• February 29, 2012
  • News & Analysis
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New York Times highlights the plight of the Mbororo in South Sudan

One of the most troubling aspects of LRA violence in the tri-border region between Congo, CAR, and South Sudan has been its ability to exacerbate tensions that already exist within affected communities.  This is particularly true for the Mbororo, nomadic cattle-herders who have historically moved with the seasons across the fluid borders of South Sudan, Congo, CAR, and beyond as they graze their cattle.

We wanted to highlight a recent New York Times piece that looks at the marginalization and violence towards this minority group in South Sudan.  Over the past seven years, thousands of Mbororo have been the victims of violence and displacement due to these inter-communal tensions.  Potentially hundreds of Mbororo have been killed in these disputes, primarily stemming from land conflicts with the local farming population.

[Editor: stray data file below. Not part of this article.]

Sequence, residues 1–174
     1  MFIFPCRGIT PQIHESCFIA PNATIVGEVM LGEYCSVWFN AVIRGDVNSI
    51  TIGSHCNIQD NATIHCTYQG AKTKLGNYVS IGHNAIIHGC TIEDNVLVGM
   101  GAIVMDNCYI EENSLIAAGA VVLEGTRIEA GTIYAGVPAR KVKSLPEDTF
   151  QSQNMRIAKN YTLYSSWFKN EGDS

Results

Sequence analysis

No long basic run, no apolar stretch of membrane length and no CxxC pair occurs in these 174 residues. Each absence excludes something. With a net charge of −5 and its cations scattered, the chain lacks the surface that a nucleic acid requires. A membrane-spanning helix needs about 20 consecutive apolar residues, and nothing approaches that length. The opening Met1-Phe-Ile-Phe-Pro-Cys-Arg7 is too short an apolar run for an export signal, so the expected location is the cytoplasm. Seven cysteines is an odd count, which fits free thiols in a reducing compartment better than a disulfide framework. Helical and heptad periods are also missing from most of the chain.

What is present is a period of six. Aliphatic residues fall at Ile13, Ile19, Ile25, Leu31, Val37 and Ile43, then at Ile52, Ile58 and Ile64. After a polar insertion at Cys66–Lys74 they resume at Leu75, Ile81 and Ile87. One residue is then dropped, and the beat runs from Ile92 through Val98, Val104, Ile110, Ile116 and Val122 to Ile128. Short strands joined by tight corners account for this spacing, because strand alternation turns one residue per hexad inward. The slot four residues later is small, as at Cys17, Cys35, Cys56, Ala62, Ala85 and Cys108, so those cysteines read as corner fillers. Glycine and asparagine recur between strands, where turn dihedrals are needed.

The Mbororo, seen as stateless outsiders by local communities, are often accused of collaborating with the LRA, though little evidence exists to support this.  As both the Mbororo and the LRA operate in remote rural areas, they may cross paths.  But, as discussed in our recent paper, Peace Can Be: President Obama’s chance to help end LRA atrocities in 2012, the Mbororo have in fact been some of the main victims of LRA violence.  The rebels often attack these herders to steal their cattle, or kidnap and hold them hostage until their friends and family can return with goods and supplies.

This scapegoating and marginalization of weak minority groups is all too common in settings of instability and violence—in fact, it is one of the reasons that the LRA has been allowed to operate for so long. “Historically, the LRA has thrived in areas where communities are already marginalized by national governments and militaries that feel little pressure to foster economic development and protect civilians,” my teammate Paul wrote in our 2010 report From Promise to Peace: A blueprint for President Obama’s LRA strategy.

As this New York Times article illustrates, LRA violence has ripple effects that stretch beyond the communities directly impacted by their atrocities.  It also contributes to greater volatility and instability in communities across the region, which further reinforces the urgency of bringing an end to LRA violence this year.

– Kaitlyn

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